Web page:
The bitter repression of the national wave of riots during the subsistence
crises of 1795–6 and 1800–1 led to the end of the food rioting tradition.
Only in the ‘Hungry Forties’ was hunger ‘rediscovered’, the ‘struggle over
the representation of scarcity’, as Peter Gurney has put it, being
particularly acute in the politicking of both Chartism and the Anti-Corn Law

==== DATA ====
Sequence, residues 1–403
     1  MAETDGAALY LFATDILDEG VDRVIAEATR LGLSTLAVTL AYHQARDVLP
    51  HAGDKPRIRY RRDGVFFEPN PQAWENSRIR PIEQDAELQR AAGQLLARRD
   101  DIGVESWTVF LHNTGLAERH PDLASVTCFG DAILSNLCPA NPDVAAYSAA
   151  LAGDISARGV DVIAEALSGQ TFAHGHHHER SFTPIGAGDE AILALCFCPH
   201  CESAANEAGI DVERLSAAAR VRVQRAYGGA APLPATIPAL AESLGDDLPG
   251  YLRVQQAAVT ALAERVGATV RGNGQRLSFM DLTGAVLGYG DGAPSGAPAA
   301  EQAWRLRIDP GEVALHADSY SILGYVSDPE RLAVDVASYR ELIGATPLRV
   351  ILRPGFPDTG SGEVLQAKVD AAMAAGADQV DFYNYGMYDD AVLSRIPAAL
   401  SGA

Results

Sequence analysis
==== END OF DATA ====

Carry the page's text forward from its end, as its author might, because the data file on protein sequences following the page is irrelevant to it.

League. So the received understanding goes. This chapter questions this
position and analyses the ways in which the discourses detailed in chapter
one persisted beyond 1801 and into the 1840s. In so doing it analyses the
claims made in threatening letters, legal defences and claims made to (and
quarrels with) poor law officials, as well as in popular political forms
including speeches, broadsides and ballads, and political journalism.